Keeler – Review 6/11/13

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Sarah Armstrong and Michael Good as Keeler and Profumo © Irina Chira

Fifty years after the sex scandal that shocked the nation, Christine Keeler’s story has been bought back to the stage.

© Elliot Franks

© Elliot Franks

Plucked from the London cabaret club Murray’s at the age of 16 by Stephen Ward, an osteopath to the stars, Keeler was first introduced to the British Secretary of State for War, John Profumo, at a house party thrown by Lord Astor. In 1963, at the height of the Cold War, it emerged that she had been sleeping with both Profumo and Yevgeny Ivanov, an alleged spy for the Soviet Union. The scandal rocked Macmillan’s Conservative government of the day and resulted in Profumo’s resignation.

The plot makes for a truly fantastic set of events yet writer Gill Adams version, based on Keeler’s own autobiography, lacks any of the drama you would expect. Especially when the tale is one of showgirls, sex and suicide.

Paul Nicholas as Stephen Ward  © Irina Chira

Paul Nicholas as Stephen Ward           © Irina Chira

This said, Paul Nicholas (who has also directed the play) as Stephen Ward and Sarah Armstrong as Christine Keeler gave good performances which hammered home the oddity of the pairs relationship. The part where Ward throws Keeler’s towel around with his friends while she stands helplessly naked, for instance, was slightly disturbing.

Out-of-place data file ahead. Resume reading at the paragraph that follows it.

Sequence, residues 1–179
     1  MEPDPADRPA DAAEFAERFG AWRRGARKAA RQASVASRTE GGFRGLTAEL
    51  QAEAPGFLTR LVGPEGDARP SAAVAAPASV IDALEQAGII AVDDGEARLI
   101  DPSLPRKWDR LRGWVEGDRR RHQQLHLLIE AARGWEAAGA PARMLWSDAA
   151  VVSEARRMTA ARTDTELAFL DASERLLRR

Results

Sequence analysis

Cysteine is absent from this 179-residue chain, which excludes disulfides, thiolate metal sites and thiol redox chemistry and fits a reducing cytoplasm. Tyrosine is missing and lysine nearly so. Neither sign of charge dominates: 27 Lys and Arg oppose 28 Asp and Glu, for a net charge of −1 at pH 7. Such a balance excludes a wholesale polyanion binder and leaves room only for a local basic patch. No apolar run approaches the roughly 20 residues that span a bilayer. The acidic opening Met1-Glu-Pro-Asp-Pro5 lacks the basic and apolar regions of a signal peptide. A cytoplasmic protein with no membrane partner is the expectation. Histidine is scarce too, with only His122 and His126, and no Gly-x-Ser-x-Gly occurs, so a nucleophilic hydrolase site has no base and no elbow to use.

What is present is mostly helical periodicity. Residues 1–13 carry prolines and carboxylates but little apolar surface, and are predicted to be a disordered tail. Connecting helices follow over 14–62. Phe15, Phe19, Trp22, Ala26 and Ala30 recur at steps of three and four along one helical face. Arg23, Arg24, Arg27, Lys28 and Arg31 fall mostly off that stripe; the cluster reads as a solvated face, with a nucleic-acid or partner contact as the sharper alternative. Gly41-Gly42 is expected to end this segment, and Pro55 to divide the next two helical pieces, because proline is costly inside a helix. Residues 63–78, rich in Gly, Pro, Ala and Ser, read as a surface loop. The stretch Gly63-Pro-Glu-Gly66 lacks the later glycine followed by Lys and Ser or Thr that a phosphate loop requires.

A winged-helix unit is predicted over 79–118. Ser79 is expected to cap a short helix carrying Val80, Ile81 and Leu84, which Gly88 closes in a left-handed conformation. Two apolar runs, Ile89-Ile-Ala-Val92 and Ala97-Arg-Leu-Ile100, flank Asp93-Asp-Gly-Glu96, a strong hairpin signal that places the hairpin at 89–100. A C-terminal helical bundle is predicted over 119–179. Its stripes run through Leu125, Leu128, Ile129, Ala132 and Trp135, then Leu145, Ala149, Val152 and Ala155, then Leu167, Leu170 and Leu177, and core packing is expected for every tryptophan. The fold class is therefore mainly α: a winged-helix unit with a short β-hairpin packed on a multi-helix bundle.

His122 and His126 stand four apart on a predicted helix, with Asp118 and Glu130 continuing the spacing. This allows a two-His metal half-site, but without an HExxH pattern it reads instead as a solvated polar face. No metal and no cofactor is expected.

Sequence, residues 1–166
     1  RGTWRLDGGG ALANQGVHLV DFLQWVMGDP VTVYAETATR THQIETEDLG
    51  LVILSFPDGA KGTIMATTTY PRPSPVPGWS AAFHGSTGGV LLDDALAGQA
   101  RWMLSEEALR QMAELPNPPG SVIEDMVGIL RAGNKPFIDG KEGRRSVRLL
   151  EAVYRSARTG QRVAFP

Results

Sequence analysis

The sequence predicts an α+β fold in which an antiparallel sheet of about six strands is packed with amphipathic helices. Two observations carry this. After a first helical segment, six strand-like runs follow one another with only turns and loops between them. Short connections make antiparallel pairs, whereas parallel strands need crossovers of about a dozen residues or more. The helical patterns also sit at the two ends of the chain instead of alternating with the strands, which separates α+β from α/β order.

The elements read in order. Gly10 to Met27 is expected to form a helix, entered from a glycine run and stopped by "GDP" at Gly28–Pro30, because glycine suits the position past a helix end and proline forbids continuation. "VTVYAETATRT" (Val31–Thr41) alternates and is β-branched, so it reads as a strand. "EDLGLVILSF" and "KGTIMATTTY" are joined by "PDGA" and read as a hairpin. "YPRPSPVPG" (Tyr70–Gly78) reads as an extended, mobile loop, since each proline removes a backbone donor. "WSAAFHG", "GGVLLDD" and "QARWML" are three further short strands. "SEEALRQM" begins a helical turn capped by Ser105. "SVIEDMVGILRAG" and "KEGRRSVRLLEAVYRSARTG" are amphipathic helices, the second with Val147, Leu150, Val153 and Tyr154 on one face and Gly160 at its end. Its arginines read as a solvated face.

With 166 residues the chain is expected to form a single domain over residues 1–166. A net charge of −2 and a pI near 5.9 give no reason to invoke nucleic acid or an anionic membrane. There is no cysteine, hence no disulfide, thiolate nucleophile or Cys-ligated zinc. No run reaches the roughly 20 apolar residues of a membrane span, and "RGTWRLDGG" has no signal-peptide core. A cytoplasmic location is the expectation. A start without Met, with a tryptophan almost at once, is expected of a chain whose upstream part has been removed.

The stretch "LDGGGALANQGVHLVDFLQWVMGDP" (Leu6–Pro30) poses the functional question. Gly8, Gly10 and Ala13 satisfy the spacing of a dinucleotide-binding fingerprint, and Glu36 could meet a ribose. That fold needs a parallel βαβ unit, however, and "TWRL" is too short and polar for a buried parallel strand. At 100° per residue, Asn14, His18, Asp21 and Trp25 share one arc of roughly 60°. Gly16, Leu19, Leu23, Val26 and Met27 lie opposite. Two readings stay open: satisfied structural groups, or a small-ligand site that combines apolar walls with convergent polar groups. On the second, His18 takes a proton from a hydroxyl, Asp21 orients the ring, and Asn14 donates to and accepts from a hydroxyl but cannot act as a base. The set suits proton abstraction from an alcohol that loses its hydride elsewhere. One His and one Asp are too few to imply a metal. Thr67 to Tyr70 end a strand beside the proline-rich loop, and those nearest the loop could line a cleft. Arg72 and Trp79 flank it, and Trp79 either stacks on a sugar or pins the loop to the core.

Nicholas’ character is perhaps the one that stands out the most, especially with the amount of concern he shows for doing the right thing, even when his whole world begins to crumble. Most of the emphasis is on Ward, rather than Keeler, which makes for a refreshing point of view but can be considered slightly odd when you remember the title of the play is in fact Keeler. One criticism of Nicholas’ portrayal of Ward is that you do not get the feeling that he is really into the young girls he is chasing at all.

Sarah Armstrong as Christine Keeler © Elliot Franks

Thought had obviously been put into the set, a split-level stage. While the lower area remained Ward’s living room for the majority of the performance, the upper section was hidden by sliding doors, that opened to reveal other locations. The doors also acted as a screen, with text and images appearing to tell the audience where the play was taking them next.

The liveliest Keeler got was with its show girl routines, the most prominent being at the very beginning of the show in Murray’s.

While there were moments a spark could have been lit they was soon extinguished and when Andrew Lloyd Webber’s new musical, Stephen Ward, on the same topic opens in December it will not have a high bar to beat.

Keeler is at the Charing Cross Theatre and booking till December 14.

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